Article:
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Can regional health insurance accelerate universal coverage for all Africans?


In mid-2023, it is expected that all citizens of Tanzania will have health insurance cover. The lowest contributor is expected to pay Tsh84,000 (USD 35) per year. Big deal? To some countries with well-established national health insurance schemes, it is just normal. To others without such schemes, it is a grand socio-economic achievement, which begs the question: Should Africa’s regional (economic) blocks become catalysts to spread universal health insurance across member countries and enable all Africans to access basic, decent health care? The answer is yes and here is why.

Let us first note that this is not a technical presentation to insurance professionals. Rather, it is a simplified, common-sense explanation of why health insurance should be availed to all citizens of Africa if meaningful development is to be hastened.

It should be noted from the outset that many African countries have government hospitals that provide free service, but these are often under-resourced – in terms of equipment, medicines and personnel – and hardly able to serve the people. Poor maintenance in many cases renders such facilities centres for spreading disease as well, but they are maintained even if inefficiently for political reasons. These do not form part of our discussion.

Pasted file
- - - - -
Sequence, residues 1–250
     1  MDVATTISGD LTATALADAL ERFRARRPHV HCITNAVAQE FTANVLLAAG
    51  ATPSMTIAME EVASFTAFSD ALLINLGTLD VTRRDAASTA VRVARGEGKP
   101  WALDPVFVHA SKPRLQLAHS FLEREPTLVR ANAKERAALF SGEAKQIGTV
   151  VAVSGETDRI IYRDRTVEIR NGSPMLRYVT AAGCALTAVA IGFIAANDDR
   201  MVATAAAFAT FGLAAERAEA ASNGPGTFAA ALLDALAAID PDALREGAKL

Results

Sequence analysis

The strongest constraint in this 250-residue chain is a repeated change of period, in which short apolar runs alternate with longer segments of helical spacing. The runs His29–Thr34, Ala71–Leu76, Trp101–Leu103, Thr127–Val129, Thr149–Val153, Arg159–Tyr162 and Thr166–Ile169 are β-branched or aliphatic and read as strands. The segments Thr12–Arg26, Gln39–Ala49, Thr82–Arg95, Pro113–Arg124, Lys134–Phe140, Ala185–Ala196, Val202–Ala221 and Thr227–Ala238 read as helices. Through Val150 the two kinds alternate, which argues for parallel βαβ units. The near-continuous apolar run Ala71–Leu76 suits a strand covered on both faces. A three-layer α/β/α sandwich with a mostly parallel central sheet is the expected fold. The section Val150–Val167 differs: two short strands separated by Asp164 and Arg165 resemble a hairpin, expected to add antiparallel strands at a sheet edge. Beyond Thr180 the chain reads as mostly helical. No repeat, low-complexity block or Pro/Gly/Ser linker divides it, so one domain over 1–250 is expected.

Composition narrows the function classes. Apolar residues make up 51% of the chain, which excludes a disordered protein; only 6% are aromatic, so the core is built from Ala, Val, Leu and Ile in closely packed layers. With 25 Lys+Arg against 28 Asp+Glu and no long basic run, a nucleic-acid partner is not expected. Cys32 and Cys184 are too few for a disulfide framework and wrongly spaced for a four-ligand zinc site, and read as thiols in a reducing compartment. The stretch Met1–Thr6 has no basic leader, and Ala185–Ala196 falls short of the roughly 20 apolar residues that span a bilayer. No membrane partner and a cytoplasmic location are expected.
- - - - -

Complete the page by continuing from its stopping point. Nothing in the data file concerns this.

The lifesaving character of health insurance

Universal health coverage is essential because you cannot know when you will fall sick. When you do, your (family’s) only concern should be getting to the health facility. But in the absence of ready cash or health insurance, the first/main concern when you fall sick is mobilization of cash to pay the health service provider. There are many issues related to that reality.

For one thing, the hunt for the requisite money wastes valuable time and the ensuing delay can even cost life. In some instances, people are required to surrender land title certificates before they are admitted for urgent treatment. In most of these cases, they also have to present substantial sureties to commit that they will pay as if they are criminal suspects seeking court bail.

For another, in the absence of valuable assets and savings, an uninsured patient has to borrow to pay to access health care. This means that after recovery, they start working to pay for a treatment they already had – that is if they still have a job. Paying for health care becomes a debt trap. As a consequence, persons without health insurance –and they are the majority in our countries – are likely to remain stagnant and cannot register significant personal development.